As the preeminent godfather of the contemporary television nature documentary, who not only carved out an audience niche for such programs but laid down the basic structural framework for much of the current science material on The Discovery Channel, The Learning Channel, and PBS, Sir David Attenborough has built much of his career around the conviction that the natural world is a beautiful and complex place, and the admonition that humankind is in danger of being severed from its natural environs by technology and civilization. Attenborough perceives it as his role to reunite the two spheres via filmmaking, and spent the preponderance of his life doing so -- with limitless success.
Born May 8, 1926, in Isleworth, England -- as the son of the head of University College in Leicester; the younger brother of soon-to-be stage and cinema actor, film director, and film producer Lord Richard Attenborough; and the older brother of John Attenborough (read: middle child) -- David Attenborough first cultivated his fascination with nature as a young man via reptile and bird-watching trips to the local marshes and fields. Attenborough won an open scholarship to the coveted natural science tripos at Cambridge, then attended Clare College as a young man, and after graduation signed on to work full time for a publisher of educational materials. In the early '50s, he completed a training program at the then-fledgling BBC television network, where he worked his way, over the course of a decade, up through positions as writer, editor, director, producer, and ultimately controller of BBC-2 in the early '60s. From the beginning, Attenborough had to forge his own path. Nature programs were virtually nonexistent, so that in his early years, the young tyro came closest to his true passion with contributions to the BBC quiz show Animal, Vegetable, Mineral (1952-1953), not exactly anyone's idea of a groundbreaking nature documentary. More pointedly, Attenborough later became involved with Zoo Quest -- a program that carried Attenborough and his crew to exotic reaches of the world and watched, cameras rolling, as London Zoo personnel collected species for that institution. One of Attenborough's running complaints in the early years of British television centered around the studio format for presenting animals -- wherein exotic specimens were dragged out in front of studio lights on talk programs (much as Johnny Carson would do later in his career), presumably after being tossed into a sack or a crate "in the middle of the night." Noting the animals' tendencies to behave oddly in this unfamiliar environment, Attenborough championed new cinematographic technologies that enabled nature documentarians to film animals, unobtrusively, in their natural habitats -- a current that became increasingly widespread and commonplace as the years passed.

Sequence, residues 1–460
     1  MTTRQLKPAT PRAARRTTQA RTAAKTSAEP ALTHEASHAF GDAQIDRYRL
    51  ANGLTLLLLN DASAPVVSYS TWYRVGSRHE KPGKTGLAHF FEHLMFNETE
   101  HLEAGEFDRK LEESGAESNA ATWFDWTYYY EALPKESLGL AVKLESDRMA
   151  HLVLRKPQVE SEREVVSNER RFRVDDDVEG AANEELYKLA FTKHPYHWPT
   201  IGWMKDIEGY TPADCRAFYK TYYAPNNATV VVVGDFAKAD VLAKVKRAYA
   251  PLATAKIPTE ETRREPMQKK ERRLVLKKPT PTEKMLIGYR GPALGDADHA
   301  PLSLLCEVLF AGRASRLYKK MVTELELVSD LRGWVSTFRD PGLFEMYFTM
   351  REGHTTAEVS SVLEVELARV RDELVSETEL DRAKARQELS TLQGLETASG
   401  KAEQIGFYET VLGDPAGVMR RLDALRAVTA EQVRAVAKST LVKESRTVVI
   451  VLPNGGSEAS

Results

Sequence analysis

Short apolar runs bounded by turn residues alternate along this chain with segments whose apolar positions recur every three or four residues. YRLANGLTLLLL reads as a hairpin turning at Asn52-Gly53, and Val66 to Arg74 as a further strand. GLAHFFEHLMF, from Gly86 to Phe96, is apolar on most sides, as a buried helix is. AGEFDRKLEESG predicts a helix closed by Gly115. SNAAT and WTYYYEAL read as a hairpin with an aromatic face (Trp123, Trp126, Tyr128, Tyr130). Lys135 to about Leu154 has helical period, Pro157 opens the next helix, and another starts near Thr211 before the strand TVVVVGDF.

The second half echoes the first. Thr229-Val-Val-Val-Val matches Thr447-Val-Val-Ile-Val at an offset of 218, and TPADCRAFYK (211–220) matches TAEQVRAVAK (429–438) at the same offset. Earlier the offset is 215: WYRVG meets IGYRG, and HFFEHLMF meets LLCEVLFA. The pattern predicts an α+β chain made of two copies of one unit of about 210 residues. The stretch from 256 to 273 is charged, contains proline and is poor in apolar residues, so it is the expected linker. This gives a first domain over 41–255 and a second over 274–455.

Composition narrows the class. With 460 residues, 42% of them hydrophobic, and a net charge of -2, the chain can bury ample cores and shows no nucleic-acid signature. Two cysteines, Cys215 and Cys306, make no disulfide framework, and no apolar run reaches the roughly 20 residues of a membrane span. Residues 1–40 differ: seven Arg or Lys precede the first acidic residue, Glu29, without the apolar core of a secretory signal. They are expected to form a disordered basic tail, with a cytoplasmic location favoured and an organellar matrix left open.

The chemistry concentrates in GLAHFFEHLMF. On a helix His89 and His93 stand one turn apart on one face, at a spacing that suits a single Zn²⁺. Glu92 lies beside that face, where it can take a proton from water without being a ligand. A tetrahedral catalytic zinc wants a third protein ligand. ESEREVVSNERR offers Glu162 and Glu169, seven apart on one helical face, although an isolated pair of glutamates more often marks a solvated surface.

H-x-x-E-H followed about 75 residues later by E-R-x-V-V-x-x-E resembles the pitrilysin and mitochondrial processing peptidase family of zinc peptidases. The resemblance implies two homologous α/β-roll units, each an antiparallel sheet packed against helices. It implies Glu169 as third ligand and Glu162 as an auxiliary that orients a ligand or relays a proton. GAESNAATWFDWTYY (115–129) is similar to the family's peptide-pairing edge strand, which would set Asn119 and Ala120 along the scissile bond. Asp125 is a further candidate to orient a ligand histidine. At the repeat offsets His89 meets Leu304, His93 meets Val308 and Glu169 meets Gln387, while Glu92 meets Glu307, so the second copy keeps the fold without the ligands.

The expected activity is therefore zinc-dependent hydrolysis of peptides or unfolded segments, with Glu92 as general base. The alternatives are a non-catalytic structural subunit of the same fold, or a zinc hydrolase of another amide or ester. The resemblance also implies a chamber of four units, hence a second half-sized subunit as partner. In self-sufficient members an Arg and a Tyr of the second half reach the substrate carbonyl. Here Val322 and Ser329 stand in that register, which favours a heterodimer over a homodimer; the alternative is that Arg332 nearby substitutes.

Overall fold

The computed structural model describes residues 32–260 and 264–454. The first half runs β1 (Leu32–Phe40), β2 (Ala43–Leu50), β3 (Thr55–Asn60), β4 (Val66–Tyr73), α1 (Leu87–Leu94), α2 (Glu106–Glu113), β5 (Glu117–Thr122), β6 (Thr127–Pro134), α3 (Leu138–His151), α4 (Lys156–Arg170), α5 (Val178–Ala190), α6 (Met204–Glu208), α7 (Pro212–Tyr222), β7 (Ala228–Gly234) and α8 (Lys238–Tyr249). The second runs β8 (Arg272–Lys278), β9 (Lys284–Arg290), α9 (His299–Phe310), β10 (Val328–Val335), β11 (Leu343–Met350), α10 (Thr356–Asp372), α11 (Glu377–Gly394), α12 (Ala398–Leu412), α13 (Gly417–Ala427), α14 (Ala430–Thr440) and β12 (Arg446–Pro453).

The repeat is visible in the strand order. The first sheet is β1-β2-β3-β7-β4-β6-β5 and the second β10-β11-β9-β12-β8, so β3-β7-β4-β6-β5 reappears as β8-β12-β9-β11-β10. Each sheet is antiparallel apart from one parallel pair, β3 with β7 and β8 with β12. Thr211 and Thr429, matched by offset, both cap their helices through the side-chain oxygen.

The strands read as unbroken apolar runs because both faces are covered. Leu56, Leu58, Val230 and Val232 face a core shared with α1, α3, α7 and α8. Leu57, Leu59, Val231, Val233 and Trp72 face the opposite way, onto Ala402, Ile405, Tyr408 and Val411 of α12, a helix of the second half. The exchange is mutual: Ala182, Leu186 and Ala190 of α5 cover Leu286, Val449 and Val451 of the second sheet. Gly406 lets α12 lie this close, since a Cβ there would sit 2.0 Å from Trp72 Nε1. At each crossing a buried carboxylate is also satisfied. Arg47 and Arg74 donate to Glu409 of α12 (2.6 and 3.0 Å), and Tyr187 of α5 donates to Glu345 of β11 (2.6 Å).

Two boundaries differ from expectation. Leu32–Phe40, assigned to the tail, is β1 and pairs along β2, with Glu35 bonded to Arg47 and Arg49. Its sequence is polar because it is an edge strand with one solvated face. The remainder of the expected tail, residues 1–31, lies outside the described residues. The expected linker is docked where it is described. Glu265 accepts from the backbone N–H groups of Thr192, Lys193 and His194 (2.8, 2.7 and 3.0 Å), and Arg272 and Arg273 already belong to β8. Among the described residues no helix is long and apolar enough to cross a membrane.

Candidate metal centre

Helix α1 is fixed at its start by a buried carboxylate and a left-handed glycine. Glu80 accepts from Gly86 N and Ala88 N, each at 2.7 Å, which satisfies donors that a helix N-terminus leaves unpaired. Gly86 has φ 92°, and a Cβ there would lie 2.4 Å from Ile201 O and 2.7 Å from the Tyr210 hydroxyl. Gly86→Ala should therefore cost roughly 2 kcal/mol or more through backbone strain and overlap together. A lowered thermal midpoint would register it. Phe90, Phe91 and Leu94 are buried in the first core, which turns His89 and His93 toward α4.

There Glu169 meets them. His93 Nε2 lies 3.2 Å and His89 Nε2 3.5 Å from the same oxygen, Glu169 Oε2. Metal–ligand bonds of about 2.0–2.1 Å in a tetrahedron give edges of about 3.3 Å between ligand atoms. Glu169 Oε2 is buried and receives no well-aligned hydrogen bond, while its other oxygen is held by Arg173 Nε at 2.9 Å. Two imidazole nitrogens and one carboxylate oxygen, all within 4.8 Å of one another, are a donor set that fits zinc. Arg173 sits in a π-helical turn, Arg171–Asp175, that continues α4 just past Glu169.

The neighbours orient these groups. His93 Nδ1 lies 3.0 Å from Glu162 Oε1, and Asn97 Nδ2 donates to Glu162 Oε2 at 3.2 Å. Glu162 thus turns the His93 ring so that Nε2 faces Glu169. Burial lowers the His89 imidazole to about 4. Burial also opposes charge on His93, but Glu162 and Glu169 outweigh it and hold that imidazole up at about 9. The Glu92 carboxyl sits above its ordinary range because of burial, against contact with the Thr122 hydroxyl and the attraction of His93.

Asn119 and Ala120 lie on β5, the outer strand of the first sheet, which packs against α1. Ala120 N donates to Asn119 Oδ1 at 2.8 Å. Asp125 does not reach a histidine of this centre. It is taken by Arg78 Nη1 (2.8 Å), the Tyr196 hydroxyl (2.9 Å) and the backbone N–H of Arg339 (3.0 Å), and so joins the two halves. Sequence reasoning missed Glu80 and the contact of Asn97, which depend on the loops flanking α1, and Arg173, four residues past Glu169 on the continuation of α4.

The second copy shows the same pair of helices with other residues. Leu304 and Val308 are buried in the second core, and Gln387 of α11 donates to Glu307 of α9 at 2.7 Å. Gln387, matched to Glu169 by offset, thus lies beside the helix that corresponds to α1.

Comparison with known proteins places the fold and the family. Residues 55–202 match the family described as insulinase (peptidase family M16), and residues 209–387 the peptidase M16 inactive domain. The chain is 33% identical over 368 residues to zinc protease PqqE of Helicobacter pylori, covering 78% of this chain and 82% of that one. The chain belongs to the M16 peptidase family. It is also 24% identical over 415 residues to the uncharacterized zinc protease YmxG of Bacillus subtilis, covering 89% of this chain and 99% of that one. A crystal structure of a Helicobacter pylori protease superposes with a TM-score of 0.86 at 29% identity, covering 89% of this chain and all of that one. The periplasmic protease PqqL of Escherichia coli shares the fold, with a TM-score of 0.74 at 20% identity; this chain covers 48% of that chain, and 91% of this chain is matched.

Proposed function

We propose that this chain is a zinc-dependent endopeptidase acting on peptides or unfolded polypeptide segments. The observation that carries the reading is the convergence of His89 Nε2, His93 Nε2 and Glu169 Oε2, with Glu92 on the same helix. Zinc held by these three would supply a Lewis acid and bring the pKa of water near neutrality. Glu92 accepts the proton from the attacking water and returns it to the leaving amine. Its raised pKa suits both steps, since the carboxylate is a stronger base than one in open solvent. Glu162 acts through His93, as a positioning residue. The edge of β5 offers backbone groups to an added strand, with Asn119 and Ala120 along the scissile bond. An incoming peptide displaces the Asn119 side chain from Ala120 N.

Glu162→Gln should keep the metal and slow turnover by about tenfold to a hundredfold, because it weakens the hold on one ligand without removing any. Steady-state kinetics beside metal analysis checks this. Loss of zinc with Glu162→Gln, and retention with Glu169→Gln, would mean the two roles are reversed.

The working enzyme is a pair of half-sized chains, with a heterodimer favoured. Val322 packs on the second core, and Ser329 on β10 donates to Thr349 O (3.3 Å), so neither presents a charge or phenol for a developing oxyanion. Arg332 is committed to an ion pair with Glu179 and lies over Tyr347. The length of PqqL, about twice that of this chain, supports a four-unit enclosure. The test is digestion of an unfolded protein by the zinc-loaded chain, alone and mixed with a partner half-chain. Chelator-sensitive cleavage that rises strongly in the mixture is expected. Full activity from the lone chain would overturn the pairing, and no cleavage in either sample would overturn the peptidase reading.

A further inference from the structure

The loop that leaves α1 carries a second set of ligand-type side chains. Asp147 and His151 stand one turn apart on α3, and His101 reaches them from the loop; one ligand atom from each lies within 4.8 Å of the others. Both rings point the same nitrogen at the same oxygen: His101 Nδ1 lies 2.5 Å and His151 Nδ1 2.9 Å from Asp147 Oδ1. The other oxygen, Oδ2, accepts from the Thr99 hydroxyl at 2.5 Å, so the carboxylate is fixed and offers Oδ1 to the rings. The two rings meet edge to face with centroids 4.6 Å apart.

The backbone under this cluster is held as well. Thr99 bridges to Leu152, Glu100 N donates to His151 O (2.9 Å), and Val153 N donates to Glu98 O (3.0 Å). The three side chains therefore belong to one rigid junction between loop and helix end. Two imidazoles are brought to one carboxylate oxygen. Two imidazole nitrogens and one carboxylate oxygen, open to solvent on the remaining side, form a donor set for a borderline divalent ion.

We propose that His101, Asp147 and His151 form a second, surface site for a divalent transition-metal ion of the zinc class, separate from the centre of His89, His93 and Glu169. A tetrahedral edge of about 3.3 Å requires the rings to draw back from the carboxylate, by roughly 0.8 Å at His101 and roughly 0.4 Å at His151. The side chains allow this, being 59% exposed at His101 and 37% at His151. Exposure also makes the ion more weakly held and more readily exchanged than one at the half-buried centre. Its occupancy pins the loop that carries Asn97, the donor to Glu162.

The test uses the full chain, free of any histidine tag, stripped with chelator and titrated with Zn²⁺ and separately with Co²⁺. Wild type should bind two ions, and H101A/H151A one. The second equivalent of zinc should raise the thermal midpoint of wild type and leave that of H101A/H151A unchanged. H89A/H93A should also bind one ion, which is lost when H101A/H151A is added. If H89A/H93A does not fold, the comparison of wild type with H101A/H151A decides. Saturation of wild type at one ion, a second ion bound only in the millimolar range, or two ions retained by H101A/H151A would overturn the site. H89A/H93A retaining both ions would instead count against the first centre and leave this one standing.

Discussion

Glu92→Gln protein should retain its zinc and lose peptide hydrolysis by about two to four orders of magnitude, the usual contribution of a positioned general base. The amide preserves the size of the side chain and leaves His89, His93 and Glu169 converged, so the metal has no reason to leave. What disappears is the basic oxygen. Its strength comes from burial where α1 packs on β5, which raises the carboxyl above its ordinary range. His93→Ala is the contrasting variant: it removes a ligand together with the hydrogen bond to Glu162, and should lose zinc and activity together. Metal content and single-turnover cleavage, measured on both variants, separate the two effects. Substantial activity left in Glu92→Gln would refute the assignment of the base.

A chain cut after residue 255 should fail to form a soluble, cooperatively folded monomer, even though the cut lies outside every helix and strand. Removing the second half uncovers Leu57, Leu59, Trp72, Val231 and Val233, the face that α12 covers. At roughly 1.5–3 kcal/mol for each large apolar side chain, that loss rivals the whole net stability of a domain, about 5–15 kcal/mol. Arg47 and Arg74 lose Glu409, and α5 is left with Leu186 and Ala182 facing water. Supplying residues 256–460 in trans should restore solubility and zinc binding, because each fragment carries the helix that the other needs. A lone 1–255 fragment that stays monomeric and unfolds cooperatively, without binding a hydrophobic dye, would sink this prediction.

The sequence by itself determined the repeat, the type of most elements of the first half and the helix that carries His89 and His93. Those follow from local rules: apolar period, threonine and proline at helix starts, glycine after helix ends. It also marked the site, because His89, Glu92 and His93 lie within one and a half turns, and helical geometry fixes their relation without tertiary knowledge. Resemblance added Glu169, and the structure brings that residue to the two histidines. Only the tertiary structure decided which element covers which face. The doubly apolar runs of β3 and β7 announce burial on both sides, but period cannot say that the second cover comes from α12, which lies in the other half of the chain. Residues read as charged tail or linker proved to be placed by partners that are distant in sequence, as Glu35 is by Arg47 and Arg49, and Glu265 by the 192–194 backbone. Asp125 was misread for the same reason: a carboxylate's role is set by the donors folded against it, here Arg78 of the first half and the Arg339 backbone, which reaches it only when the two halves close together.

Attenborough served as a narrator on innumerable BBC multipart documentaries during the 1950s, '60s, and '70s, including but not limited to: Song Hunter (1953), People of Paradise (1960), Travelers' Tales (1960), Adventure (1962-1966), Natural Break (1973), Explorers (1975), and Wildlife on One (1977-1979). As a production executive, he commissioned BBC series programs ranging from the legendary Kenneth Clark's epic 11-hour miniseries Civilisation to Monty Python's Flying Circus (1969-1974). Civilisation marked a watershed moment for Attenborough -- a source of limitless inspiration for him, where he came face to face, for the first time, with the potential inherent in televised documentary scripting. Clark's program, in fact, served as the primary structural and conceptual influence for Attenborough's three greatest contributions to filmed documentary work: the epic multi-part series Life on Earth (1979); its sequel, The Living Planet (1984); and The Trials of Life (1990). Each of these endeavors demanded years of preparation; in the preproduction stage, Attenborough would pen his outlines in longhand; the subjects of the series were wickedly ambitious and massive in their scope. They carried Attenborough (as narrator and host) and his crew to far reaches of the world -- often to multiple continents in the same page -- and required literally dozens of cinematographers -- which suggests the massive budget required for each of the productions. Commentators reportedly scoffed at these endeavors early on, because of their scope and naked, raw ambition, but the towering success of each (which drew tens of millions of viewers, attained vast popularity as exports, and scored in ancillary markets) silenced everyone. As for subjects: Life on Earth explores the evolution of various species in the animal kingdom into life as we know it; The Living Planet examines all of the major variations in the topography of the earth, from freshwater lakes to volcanic terrain to jungle to desert to polar regions; and The Trials of Life charts the behavior of different animal species. The three efforts are now considered among the most astonishing television documentaries ever produced. Attenborough has also authored a prolific number of nature books, including The Private Life of Plants, Life in the Undergrowth, The Life of Birds, and a 2002 autobiography, Life on Air: Memoirs of a Broadcaster. He continues to script and host documentary programs, well into his ninth decade. Attenborough was married to Jane Oriel for 47 years, from 1950 until her death in 1997. They have two children.